Dear Soon-Young Yoon:
I have been invited to participate in the next High-Level Political Forum to report on stories about young women and trafficking. I want to put my journalism training to good use, work from the human rights perspective and get more involved with the UN as well. The problem is that I am not sure that I am qualified to be involved in global issues at the UN. Do I really belong in the company of all those ambassadors? Maybe you can suggest another young feminist who has kept up with international affairs. I even missed the l995 Beijing women’s conference. Please advise.
Worried New Generation Leader
Dear Worried New Generation Leader:
Here is my advice about how to get involved with the UN:
- Don’t give up. These meetings should be for persons just like you. We need global interactions between leaders and managers in “civil society” — not just reunions of “professional” conference goers. The women’s movement needs new blood.
- A personal note — complain more. Youth groups are routinely trotted out to do cultural performances, but they often are left out in the cold when it comes to getting on the speakers’ list. Too often, young women are polite and don’t say what is really on their mind. I know it’s not easy. More veteran feminists may not take the time to help. But if you don’t get fair treatment, let the president of the official conference know that your problems are the UN’s problems.
- Stick to what you know — but keep learning more. What is often missing from these meetings is a heavy dose of reality. There will probably be a lot of statements about how governments have failed to keep their promises. But there could be a shortage of good success stories. You are the best expert about your personal and community experiences. Learn more about your group’s history, its leadership and financial situation, and make suggestions on how the UN, governments, businesses and NGOs can better support youth.
- Know the UN political talk. You don’t have to agree with the UN to maneuver well in its midst. But you do have to be well armed with savvy lingo and expertise. On environment issues, I would start with the UN document, “Agenda 21,” which includes major recommendations to solve global environment problems and positions related to gender inequality. For a little fun, try quoting from commitments for the media made in the Beijing Platform for Action adopted in 1995. Since few finance ministers attended that meeting, most of them will probably be unaware of what these commitments were. Even women’s groups are not well acquainted with what that document has to say about communications, information and the media.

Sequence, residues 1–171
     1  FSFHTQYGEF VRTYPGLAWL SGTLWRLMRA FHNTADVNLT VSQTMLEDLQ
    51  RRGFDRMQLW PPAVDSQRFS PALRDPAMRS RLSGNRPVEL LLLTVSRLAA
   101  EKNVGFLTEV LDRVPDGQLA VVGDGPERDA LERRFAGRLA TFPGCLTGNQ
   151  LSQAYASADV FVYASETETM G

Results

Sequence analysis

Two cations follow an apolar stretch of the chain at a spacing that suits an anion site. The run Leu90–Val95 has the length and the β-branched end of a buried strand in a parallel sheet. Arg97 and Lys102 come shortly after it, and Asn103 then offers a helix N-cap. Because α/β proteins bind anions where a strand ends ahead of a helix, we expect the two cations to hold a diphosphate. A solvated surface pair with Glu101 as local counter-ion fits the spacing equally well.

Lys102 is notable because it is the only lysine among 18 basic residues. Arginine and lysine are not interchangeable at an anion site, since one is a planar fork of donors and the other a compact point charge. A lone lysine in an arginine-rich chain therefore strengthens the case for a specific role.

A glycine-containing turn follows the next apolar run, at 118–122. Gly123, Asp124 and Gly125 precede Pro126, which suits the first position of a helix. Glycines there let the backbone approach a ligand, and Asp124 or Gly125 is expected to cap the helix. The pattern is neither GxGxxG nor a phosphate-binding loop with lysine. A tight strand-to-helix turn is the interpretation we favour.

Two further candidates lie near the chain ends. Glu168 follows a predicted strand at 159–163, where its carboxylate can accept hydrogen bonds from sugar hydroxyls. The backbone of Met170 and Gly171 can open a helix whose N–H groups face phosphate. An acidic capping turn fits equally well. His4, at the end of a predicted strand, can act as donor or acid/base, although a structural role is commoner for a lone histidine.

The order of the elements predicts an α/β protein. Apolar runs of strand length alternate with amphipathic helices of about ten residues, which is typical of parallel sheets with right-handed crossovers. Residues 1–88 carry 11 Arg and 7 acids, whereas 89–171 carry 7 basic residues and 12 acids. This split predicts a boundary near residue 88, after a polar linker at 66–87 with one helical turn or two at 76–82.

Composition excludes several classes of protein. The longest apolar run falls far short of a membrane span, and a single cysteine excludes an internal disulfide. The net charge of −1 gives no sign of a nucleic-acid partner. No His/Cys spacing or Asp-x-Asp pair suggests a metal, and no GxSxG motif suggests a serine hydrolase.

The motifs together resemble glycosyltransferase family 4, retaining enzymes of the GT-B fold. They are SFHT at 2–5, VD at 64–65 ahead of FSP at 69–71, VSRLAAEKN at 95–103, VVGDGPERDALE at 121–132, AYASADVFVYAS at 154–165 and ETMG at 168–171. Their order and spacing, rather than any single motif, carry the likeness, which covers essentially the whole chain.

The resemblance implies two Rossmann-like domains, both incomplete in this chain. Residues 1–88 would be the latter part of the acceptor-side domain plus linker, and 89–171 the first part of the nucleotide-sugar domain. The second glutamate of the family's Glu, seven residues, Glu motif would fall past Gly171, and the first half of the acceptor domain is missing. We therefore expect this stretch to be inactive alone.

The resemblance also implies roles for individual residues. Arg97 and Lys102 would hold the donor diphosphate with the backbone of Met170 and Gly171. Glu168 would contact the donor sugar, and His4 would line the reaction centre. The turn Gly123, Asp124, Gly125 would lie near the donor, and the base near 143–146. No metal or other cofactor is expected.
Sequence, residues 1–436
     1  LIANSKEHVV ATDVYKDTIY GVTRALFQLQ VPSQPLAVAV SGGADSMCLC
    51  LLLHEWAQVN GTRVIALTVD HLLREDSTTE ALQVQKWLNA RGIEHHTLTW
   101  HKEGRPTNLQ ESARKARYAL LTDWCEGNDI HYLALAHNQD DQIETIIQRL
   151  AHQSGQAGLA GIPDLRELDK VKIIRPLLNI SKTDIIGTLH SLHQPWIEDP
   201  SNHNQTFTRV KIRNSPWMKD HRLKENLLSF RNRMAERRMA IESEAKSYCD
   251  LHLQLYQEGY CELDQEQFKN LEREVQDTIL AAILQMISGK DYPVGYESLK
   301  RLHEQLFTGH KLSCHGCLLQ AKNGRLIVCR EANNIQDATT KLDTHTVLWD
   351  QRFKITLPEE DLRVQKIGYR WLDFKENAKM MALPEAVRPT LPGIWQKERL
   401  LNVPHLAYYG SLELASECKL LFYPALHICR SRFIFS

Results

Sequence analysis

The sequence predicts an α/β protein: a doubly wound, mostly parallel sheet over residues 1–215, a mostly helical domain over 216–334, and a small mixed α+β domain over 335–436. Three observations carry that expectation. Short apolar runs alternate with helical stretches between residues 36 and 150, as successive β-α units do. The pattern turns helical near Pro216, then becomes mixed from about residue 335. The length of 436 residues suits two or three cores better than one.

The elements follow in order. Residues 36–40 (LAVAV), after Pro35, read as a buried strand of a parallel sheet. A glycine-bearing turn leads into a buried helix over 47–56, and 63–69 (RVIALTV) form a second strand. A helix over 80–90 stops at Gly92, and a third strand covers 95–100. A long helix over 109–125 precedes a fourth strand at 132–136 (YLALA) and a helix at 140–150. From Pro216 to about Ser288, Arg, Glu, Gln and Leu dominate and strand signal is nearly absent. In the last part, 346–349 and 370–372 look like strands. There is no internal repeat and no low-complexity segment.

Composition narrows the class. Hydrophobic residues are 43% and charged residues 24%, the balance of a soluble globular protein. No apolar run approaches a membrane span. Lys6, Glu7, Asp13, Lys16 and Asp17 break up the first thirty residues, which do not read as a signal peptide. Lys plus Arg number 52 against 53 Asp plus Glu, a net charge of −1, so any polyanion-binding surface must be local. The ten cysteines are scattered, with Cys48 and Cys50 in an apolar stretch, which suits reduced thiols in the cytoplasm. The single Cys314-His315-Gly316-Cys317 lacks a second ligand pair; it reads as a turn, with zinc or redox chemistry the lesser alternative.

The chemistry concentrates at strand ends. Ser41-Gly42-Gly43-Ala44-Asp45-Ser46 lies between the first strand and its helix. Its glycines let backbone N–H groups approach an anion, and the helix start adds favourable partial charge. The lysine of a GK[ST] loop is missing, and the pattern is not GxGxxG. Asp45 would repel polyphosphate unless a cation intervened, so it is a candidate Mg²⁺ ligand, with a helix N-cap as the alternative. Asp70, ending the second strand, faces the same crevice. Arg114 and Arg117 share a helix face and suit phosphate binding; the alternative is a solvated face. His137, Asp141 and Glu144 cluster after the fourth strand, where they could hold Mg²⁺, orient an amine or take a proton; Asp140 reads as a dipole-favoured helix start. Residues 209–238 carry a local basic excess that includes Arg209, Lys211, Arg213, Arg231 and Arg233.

- Learn the facts. There are two steps you can take to become an instant expert on how to be effective at the UN. One is the Non-governmental Liaison Service (NGLS) publication, “Working with ECOSOC—an NGOs Guide to Consultative Status.” This is a good primer about the UN process as well as how UN-approved NGOs (approved by the Economic and Social Commission or ECOSOC) can participate at the UN. Another is to read extensively before you make statements so that you make them to the point and powerful.
- Remember that gender is a youth issue, too, so join the women’s caucus or women’s major group meetings. An understanding of gender is absolutely crucial to grasping youth issues, particularly those dealing with sexual and reproductive health and human rights. But remember that you can be an expert without ever having heard about the UN conferences on women. Just trust your own experience and go from there.
- Young women’s rights are human rights. If you go on to pursue your concern for human rights, there is no better place than the UN to learn and act. These days we need to have more young people involved. Many of the international treaties that could be used to protect your rights are seldom used. For example, violence against women is often directed at girls. Like adult women, young women can also claim their right to protection against all forms of sexual, mental and physical violence by referring to international covenants. Young women’s human rights issues — sexual violence, rape, sexual torture, forced pregnancy, and domestic violence — should all be highlighted at youth assemblies. Similarly, it is important to call on governments to protect those rights through legislation and social services.
A final word of advice: be proud, but not too full of yourself. Remember that after years of activism, you are very qualified to join the “eminent” group of organizers and leaders. Carry your issues to a global level. Bring them to the attention of heads of state. Why should you give up so soon?